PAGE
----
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News review: care homes, vulnerable clients, tax

Daily highlights from the national press and online

24 September 2013

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A report to the Care Quality Commission (CQC) has shown that almost 4,000 care homes are putting vulnerable people at risk by not having a registered manager for residents. The Telegraph reports that there are plans for a crackdown, with criminal sanctions and fines of up to £4,000 for homes with no one in charge.



Comments on improving care for vulnerable older people must be submitted to the Department of Health by 27 September 2013. The proposals are focused on primary and emergency care, and seek to establish ways for NHS and social care services to collaborate more effectively for patients in and out of hospital.



Ed Balls, the shadow chancellor, has promised to tax large properties worth £2m or more if Labour wins the next election, reports The Express. The £7bn-a-year will fund a tax cut for the low paid, he announced at the party conference in Brighton. And Labour leader Ed Miliband has pledged to reverse a planned business rates rise for small firms in the event of an election victory, reports the BBC.



Genealogists have opposed cost-cutting plans to move the traditional census online in 2021. They say the new system would make it difficult for families to trace their roots, reports The Times.



The inquest into the death of a 93-year-old woman from Woodbridge, who died after being placed on the Liverpool Care Pathway, resumes today. Marion Bryce Smith was denied food and water under the regime at Ipswich Hospital, reports ITV News.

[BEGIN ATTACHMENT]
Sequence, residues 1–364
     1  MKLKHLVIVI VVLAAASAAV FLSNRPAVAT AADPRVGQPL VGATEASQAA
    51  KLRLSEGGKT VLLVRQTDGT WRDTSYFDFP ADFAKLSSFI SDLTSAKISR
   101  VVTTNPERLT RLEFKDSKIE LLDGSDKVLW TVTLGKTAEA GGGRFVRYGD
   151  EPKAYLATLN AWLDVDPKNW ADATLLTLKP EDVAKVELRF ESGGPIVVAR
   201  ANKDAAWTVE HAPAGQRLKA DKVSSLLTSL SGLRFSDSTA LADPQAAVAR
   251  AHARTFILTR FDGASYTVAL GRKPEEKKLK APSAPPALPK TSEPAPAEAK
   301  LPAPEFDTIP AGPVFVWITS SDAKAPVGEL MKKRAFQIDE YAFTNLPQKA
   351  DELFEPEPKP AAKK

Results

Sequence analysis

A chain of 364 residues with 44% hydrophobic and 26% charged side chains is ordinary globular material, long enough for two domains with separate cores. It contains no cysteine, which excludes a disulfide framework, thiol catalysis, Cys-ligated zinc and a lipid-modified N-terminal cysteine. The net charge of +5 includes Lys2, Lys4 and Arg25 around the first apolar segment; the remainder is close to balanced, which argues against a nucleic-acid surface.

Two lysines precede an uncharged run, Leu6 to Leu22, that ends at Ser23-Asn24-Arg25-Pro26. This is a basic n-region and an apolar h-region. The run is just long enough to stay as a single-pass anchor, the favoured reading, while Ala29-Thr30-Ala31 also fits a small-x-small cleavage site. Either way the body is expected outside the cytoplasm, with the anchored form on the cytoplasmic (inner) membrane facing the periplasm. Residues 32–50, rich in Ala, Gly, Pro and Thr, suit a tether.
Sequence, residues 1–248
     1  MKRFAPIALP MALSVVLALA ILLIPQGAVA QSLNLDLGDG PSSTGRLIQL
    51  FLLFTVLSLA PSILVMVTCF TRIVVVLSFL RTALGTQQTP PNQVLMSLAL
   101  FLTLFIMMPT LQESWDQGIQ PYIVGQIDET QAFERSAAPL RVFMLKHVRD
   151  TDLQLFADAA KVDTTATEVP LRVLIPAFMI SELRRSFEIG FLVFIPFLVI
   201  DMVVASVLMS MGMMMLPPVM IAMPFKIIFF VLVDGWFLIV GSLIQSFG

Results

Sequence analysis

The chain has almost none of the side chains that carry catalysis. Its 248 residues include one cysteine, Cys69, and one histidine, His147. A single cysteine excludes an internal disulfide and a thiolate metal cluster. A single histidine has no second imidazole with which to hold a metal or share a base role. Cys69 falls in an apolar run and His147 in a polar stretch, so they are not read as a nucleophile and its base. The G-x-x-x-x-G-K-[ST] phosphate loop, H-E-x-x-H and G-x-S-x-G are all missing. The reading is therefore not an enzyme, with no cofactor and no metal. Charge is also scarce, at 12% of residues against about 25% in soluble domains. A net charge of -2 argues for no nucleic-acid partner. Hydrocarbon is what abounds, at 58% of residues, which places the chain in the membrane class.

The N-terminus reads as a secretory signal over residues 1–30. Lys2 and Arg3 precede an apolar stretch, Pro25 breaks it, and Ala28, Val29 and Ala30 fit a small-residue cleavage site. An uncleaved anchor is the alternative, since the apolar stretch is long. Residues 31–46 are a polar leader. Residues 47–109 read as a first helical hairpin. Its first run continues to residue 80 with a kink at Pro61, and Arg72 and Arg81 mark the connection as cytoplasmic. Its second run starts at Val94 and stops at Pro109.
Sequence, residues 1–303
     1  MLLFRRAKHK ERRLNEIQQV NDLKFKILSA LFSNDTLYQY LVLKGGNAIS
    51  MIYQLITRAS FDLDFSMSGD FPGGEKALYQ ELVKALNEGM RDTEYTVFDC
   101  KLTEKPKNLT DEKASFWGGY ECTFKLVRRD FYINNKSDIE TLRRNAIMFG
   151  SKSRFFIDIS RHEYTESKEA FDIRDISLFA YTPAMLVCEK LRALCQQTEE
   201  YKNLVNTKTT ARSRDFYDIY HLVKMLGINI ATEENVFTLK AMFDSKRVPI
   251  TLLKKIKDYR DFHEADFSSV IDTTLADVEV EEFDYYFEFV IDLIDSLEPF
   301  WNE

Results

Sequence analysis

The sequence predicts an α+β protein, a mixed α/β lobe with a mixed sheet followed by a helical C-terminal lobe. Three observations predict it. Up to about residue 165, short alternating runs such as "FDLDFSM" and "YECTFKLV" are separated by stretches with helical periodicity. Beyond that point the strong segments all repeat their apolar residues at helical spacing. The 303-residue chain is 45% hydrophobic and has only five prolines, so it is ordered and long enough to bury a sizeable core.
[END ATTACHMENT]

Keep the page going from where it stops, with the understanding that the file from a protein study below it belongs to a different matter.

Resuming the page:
There is no link between working until later in life and age at death, researchers in Australia and Norway have found. Analysts looked at population data from Norway over a 20-year period during which changes in company pension arrangements allowed a significant number to stop work at 62 rather than 67, reports The Telegraph.



A chartered financial planner firm has underscored the importance of inheritance tax (IHT) planning, says Money Observer, noting that HMRC has collected £3.1bn in IHT over the past year partly because of increasing property prices.



The first ABS founded by non-lawyers has received another seven-figure sum in its latest funding round. Matthew Briggs, chief executive of Leeds-based Brilliant Law, said the cash injection came from "like-minded and supportive investors", reports Legal Futures.



Some SFr110,000 (£75,000) of taxes paid by GlencoreXstrata chief executive Ivan Glasenberg has been donated to charities around the world, as decided by the people of Hedingen, near Zurich. The villagers wanted to give back some of the "extraordinary wealth to the people who should have received it in the beginning", reports The Guardian.

Categorised in:

Vulnerable Clients Tax & Wealth structuring